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White House press secretary Jen Psaki fielded questions from reporters Friday afternoon, and she responded to inquiries about the ongoing tensions in Ukraine and the United States’ ability to extradite citizens in the increasingly tumultuous area.
Fox News’ Jacqui Heinrich pressed Psaki on whether President Biden has a plan to evacuate U.S. citizens from Ukraine if needed.
“I will say that one, we are already at a level-four travel advisory for Ukraine for COVID-19 and … have been advising that U.S. citizens should be aware of reports that Russia is planning for significant military action against Ukraine,” Psaki said.
“We do conduct rigorous contingency planning, as we always do in the event of the security — any security situation deteriorates in any country around the world. The State Department does that assessment. I would point you to them for any predictions or previews of any steps they may take.”
The likelihood of a Russian invasion of Ukraine is growing daily, and yet the leaders of Finland and Sweden remain firm in defending their countries’ interests against threats from Moscow. Finnish Prime Minister Sanna Marin affirmed Finland’s right to chart its own security posture.
Asked if the White House was making an effort to tally and manage Americans living in Ukraine, Psaki deferred to expatriates’ autonomy to come or go as they please. She did emphasize that resources are being made available for extradition.
“It’s an open question around the world. We don’t put a chip on Americans when they go to countries around the world and track their movements,” Psaki said. “People can register at the State Department. That’s something they do.”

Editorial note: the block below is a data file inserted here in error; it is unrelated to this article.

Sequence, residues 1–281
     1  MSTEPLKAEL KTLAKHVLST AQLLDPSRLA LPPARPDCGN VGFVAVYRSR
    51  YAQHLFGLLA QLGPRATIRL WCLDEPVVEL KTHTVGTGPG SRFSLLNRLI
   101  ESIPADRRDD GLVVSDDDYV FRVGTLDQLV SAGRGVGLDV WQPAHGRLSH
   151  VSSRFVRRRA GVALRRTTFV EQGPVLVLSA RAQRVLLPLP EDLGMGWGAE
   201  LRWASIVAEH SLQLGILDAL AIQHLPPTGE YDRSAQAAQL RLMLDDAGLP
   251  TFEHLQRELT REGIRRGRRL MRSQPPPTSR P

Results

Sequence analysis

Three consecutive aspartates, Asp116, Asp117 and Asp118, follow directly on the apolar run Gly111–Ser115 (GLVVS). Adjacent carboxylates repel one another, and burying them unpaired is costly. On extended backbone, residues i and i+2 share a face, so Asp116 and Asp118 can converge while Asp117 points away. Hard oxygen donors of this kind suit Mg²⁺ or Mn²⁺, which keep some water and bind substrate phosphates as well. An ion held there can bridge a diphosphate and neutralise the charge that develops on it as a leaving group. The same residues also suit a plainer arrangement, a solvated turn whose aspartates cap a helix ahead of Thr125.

In this image taken from footage provided by the Ukrainian Defense Ministry Press Service, Ukrainian soldiers use a launcher with U.S. javelin missiles during military exercises in Donetsk region, Ukraine, Jan. 12, 2022. (Ukrainian Defense Ministry Press Service via AP)
“Or they may choose not to register or there might be people in any country around the world who are dual citizens who haven’t lived in or have never lived in the United States. But the State Department would certainly have the number in terms of Americans who have registered with the State Department.”
During the same conference, Psaki was pressed on the country’s communications with Russia, including the White House’s intention to send concerns in writing. One reporter asked if this written demand would be a sign of weakness.
“Well, no one sees it that way from the U.S. negotiating team or from our partners and allies around the world,” Psaki answered. “I think what we’re engaged in here is seeing what’s possible as it relates to diplomacy.
“And as I noted, it’s not written answers like we’re filling out a Q&A. We’re also going to convey what our concerns are and reiterate a number of the strong statements you’ve heard the president and Secretary Blinken convey very publicly.”
Psaki previously said Biden hadn’t spoken personally to Ukrainian President Volodymyr Zelenskyy since Biden appeared to downplay the potential for a “minor incursion” by Russia against the country during his press conference Wednesday night.
President Biden and Russian President Vladimir Putin arrive to meet at the Villa la Grange in Geneva, Switzerland, June 16, 2021. (Alexander Zemlianichenko, File Pool)
Biden raised eyebrows during his marathon press conference when he said action by NATO following a Russian incursion “depends” on the size of the invasion.
Russia’s military buildup along its border with Ukraine and the hostile rhetoric coming out of Moscow is making some of its regional neighbors rethink long-held post-World War II security arrangements.